FOM: computer proofs

Stephen Cook sacook at
Wed Dec 2 10:17:38 EST 1998

Here is an excerpt from Vladimir Sazonov's Nov 24 message which I think
nicely compares published proofs making use of computers with those
which do not:

....  Both a mathematician (which 
himself also works here as a kind of computer) and electronic 
computer are not very reliable (may be by different reasons:  
some illness or crash, etc.).  The main point, as I understand 
it, is that only *formal* proof may be a genuine mathematical 
proof. Of course, what is "formal" was understood in mathematics 
somewhat differently (but quite coherently!) in different 
historical periods and even by different peoples in the same 

However, being human beings, we do not like to write absolutely 
formal proofs and prefer to give only some convincing evidence 
that such a proof may be written (of course, together with some 
intuitive backgrounds behind this proof). We usually (and quite 
reasonably) evaluate this informal evidence much higher than the 
formal proof itself (as written symbol-by-symbol). Using such an 
informal evidence is the main difference between the ordinary 
"human-mathematical proof" vs. "computer proof".  But, 
nevertheless, this evidence concerns exactly to *existence of a 
formal proof*.  ....

The above excerpt seems to me to state the situation well.  
Sazonov's next paragraph is a little less clear, but still interesting:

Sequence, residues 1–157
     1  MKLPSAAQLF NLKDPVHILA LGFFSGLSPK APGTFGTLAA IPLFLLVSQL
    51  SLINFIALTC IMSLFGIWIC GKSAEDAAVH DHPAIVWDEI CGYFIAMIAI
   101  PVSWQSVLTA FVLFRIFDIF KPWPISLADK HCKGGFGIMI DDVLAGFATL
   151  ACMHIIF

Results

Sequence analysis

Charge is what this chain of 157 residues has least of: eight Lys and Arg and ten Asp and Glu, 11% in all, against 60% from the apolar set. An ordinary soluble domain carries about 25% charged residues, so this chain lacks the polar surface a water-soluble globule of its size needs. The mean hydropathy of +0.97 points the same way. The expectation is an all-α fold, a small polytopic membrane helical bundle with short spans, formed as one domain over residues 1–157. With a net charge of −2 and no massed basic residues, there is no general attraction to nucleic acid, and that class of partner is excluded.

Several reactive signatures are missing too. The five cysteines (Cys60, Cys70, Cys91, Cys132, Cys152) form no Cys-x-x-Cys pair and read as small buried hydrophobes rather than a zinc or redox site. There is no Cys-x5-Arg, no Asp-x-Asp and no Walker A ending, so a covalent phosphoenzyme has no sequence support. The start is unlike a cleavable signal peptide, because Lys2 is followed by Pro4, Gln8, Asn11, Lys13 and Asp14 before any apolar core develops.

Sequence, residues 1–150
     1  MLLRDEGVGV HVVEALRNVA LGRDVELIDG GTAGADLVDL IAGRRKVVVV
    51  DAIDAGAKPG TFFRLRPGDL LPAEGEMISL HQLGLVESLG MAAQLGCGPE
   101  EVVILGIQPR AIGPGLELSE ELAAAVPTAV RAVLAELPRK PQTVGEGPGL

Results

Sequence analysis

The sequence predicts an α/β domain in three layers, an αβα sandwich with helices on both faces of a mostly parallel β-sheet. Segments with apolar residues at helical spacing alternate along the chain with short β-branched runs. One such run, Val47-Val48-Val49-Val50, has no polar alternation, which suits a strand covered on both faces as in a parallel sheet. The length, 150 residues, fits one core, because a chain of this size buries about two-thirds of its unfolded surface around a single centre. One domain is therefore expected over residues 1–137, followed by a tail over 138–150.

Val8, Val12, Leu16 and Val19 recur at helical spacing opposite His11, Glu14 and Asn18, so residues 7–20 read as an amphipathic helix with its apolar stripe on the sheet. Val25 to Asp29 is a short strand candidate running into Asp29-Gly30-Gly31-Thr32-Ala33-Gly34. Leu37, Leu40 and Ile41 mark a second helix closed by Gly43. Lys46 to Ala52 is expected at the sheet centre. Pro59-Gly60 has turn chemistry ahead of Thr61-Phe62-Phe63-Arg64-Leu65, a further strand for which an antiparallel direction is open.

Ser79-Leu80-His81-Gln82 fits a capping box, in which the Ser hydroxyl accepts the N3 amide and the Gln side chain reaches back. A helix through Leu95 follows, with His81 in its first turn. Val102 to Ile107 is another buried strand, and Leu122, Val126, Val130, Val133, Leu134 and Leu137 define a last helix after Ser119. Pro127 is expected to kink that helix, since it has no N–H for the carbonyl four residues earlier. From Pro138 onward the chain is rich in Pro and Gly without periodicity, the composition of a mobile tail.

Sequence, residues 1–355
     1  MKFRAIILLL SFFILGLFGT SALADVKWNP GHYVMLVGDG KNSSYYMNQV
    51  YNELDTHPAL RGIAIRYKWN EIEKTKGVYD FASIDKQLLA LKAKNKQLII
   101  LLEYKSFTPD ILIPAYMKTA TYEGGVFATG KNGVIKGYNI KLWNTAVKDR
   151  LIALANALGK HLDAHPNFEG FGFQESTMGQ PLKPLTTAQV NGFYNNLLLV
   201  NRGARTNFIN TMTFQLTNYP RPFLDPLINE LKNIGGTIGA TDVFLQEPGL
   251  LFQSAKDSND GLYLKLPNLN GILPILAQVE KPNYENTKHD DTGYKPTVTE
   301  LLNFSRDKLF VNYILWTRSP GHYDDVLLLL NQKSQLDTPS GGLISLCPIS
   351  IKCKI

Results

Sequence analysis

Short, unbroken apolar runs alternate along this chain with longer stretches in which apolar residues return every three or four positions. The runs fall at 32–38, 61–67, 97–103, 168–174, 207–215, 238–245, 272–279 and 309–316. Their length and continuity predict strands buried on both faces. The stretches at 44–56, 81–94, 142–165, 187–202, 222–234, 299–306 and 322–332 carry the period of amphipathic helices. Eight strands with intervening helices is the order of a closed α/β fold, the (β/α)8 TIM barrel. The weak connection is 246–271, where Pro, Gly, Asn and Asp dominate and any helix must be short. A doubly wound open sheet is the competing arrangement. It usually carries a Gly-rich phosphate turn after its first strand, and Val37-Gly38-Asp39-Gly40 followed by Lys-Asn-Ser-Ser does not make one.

Another (actually self evident but often ignored) point which is 
worth and necessary to note and which I consider philosophically 
important consists in the "requirement" that any formal mathematical 
proof should have intuitively feasible length (i.e. the number of 
symbols). Say, (even feasible) rigorous proof in PA *of existence 
of a proof* of some theorem A is strictly speaking not a feasible 
proof of that theorem (however, it usually can be converted 
into a proper feasible proof of A).  On the other hand, by the 
evident vagueness of the intuitive notion of feasibility, we 
could consider more restrictively as *proper* only those proofs 
which have been checked by *human* beings ("human feasibility" 
vs.  "physical" or "computer feasibility").  Then 4CT may be 
considered as still unproved.  Moreover, it is possible in 
principle that its negation is formally consistent (in this more 
restricted sense of feasibility of proofs). 

This brings up an interesting question:   Is there a formal version of
Wiles' proof in ZFC which has feasible length?  More problematical
is the same question for PA.

Steve Cook

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